Albert Einstein was a genius and, apparently, a race man. Drawing upon extensive research, authors Jerome and Taylor-a journalist and a librarian, respectively-show the Nobel Prize-winning physicist to have been fairly active in the civil rights movements of the 1940s. It's clear the authors believe that this fact constitutes some sort of hidden truth, and they're reasonably correct: numerous historians left out the details of Einstein's controversial alliances with W.E.B. Dubois, the NAACP, the Civil Rights Congress and the Southern Conference Educational Fund. The authors saturate the first half of the book with comments from the black inhabitants of Princeton's Witherspoon Street. Their quotes are anecdotal at best and show little more than that Einstein was a friendly man who wasn't afraid of black people. A few of the quotes are telling in ways the authors may not intend: ""My grandmother worked as a domestic for Einstein...When Professor Einstein had visitors, they sat and ate in the dining room; she listened from the kitchen."" Others such as ""me and my sister Lili used to watch Einstein walking up Witherspoon Street"" record merely that black people witnessed Einstein's presence in their neighborhood. Einstein's provocative statements on American bigotry-""Everyone who is not used from childhood to this injustice suffers from the mere observation""-are reserved for the book's second half, which presents his letters and speeches. A useful compilation for students of Einstein's politics, this book lacks the kind of strong narrative thread that might have brought it a wider audience. 8 pages of b&w photos.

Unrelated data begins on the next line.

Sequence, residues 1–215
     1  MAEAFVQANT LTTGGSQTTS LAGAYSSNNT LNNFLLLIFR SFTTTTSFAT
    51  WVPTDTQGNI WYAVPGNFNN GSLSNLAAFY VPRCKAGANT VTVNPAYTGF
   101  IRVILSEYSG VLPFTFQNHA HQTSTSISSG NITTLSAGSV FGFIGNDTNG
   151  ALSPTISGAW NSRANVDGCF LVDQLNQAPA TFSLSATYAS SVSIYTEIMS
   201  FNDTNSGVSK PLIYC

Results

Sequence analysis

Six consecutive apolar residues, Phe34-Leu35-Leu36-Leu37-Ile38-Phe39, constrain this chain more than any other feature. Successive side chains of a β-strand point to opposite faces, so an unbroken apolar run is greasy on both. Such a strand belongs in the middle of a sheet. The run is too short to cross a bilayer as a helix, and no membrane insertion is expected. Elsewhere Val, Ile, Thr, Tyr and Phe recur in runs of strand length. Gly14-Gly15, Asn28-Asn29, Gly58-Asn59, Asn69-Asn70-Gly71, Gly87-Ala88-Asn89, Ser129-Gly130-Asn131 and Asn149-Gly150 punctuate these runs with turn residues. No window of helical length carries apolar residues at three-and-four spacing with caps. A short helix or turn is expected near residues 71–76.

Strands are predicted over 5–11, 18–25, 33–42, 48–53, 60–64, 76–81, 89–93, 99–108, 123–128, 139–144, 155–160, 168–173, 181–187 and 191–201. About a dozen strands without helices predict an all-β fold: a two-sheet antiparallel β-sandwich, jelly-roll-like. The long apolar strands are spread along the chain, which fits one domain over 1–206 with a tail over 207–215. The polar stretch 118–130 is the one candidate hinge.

Reviewed on: 07/04/2005 Release date: 07/01/2005 Genre: Nonfiction